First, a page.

Tuesday, October 13, 2015

Geeky TV commentary - Flash 2.2, SHIELD 3.3, Limitless 1.4

The Flash airs at 8pm on CW Tuesday nights.*

This week was packed with fan service, and thank goodness for Twitter because half of it would have gone right over this viewer's head.

Last week, Jay Garrett, one of the many other Flashes in the comics, showed up, and this week he tells them that there's a whole lot of holes in reality because of that singularity (that they really should just call a wormhole already, because that's what it is). and he came through one from an alternate earth. Worse, there's a dude named Zoom who wants to be the only speedster in any reality. Why? Who knows. No one knows who he is or whether he knows anything about the speedforce that everyone else doesn't know.

Barry is acting like a tool half the episode, and locks Jay up in the cells that totally didn't do any good last year, and still don't make sense as somewhere to put actual living people indefinitely, but what evs. It's understandable that he'd not trust people who come from other times / dimensions offering to teach him things after Welles, but he's being a jerk about it and Iris totally calls him out on it, and eventually, after Zoom's latest henchman Totally Not Sandman Because This Is DC proves hard to catch. Jay knows who he is and how to stop him--channel the speedforce into lightning you can throw, turning all his sand to glass--but Jay can't do it himself because he's lost most of his power inexplicably during the transfer between dimensions, even though Zoom and Sand Demon didn't.

Barry is better after he admits that he is upset that he trusted Welles so much and then was betrayed so badly, and at the end, he was more himself...though he did totally shatter that guy to death, and he wouldn't have killed people before, if he could help it, and would have felt bad about it if he did. It's alarming for the character, and it's souring for the tone of the show, because the main difference between Flash and Arrow was that Barry was always so sunny and optimistic, so his stories came out more positive and uplifting. Killing all the bad guys is not uplifting.

Meanwhile, Cisco is figuring out how to use these visions he's having now, but he's totally flipping out about them, and tells Stein (who is great) when he asks, but then says not to say anything. He's surrounded by literally the only and best people in the world to help him about it, but he's convinced that because Welles took credit for it, it'll definitely turn out to be evil. Which is dumb, because Cisco is a perfect puppy and Welles is not the boss of him.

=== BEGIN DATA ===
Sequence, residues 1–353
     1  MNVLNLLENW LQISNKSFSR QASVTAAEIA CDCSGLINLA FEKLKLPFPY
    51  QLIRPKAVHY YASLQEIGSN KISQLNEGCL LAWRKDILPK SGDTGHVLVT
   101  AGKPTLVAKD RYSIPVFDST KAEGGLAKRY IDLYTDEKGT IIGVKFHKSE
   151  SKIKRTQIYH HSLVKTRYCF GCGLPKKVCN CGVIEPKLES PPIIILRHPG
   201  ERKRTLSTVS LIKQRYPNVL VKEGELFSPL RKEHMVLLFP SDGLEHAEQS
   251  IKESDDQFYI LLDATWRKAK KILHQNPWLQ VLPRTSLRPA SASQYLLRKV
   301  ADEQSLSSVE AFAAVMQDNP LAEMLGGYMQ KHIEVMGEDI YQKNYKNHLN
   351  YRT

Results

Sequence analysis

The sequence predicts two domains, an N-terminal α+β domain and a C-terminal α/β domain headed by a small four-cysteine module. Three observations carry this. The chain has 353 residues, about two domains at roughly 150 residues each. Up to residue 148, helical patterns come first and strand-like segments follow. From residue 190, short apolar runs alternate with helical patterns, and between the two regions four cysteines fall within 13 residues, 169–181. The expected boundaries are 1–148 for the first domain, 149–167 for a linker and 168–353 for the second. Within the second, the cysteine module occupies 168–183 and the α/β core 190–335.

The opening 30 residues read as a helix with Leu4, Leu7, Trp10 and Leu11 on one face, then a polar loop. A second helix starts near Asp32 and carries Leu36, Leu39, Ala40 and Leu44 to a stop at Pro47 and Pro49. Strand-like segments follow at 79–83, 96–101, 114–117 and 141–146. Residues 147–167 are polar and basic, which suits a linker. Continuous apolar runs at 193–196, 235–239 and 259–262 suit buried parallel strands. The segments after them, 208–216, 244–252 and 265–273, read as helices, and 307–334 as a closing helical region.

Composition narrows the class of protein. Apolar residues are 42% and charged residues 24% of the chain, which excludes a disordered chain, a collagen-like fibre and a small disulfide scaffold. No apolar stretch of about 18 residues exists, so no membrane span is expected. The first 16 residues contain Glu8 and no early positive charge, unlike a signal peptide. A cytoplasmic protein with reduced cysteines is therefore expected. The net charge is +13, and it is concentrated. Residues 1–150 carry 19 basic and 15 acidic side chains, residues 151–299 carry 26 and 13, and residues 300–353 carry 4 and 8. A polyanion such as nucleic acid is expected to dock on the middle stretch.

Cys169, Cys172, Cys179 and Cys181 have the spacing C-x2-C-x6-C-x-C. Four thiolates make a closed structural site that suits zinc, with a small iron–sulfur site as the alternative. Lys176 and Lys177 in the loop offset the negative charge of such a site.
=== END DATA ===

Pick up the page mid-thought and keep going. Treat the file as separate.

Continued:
Joe was wonderful, as always, and there's a new young cop named Patty who really wants to join his team and the fact that the team doesn't exist anymore doesn't stop her because their very first metahuman threat killed her dad and she wants to stop them...and then she gets captured, tied up, doesn't even try to get herself free and kick ass (and then there's a bomb and she can't), and has to be rescued. So disappointing, writers. On the other hand, she's snappy and cheerful and can nerd out with Barry about nerdy things, and comes straight from the comics.

Speaking of nerding, Caitlyn was thrilled to death to find out that this pretty new speedster is also a scientist as well as a hero, and she and him totally made googly eyes at each other all episode. And Cisco and Stein are probably the cutest science bros in ages.

And then Stein passes out! Dun dun DUN!

Overall, the Jay Garrett storyline was sort of meh, since he doesn't really get to do all that much other than explain what the plot is doing, but it was a fun episode, and if we're lucky, he'll come back and we can see him again. There's 52** rifts in spacetime because of that not-a-singularity-it's-a-wormhole, and that means we could, conciveably, have up to 52 speedsters crossing through the story, and that would be some kind of wonderful. They went from one earth to potentially 52 earths in one computer scan, and it pushed the world of the show into a whole other level that could be so cool--and should really help big time with Legends of Tomorrow having at least one dead person in the cast.

Now if they can just make Patty as strong in the field as she is in conversations, everything will be golden.

SHIELD airs at 9pm on ABC Monday nights.

The main story is that Lincoln is on the run from that alphabet soup that's now being sent after "alien threats" even though they're not alien so much as they're actually humans who were altered by aliens against their will, and he's doing a really bad job of proving he's not a killer and a public danger. He's throwing lightning around, he's scaring people, he's refusing help when Daisy offers it. Eventually, he gives his only friend a heart attack, which should have been more moving than it was, but we literally didn't know anything about the guy, and he turned on him really quickly, so how good a friend could be be? After that, he calls Daisy, and accepts her help.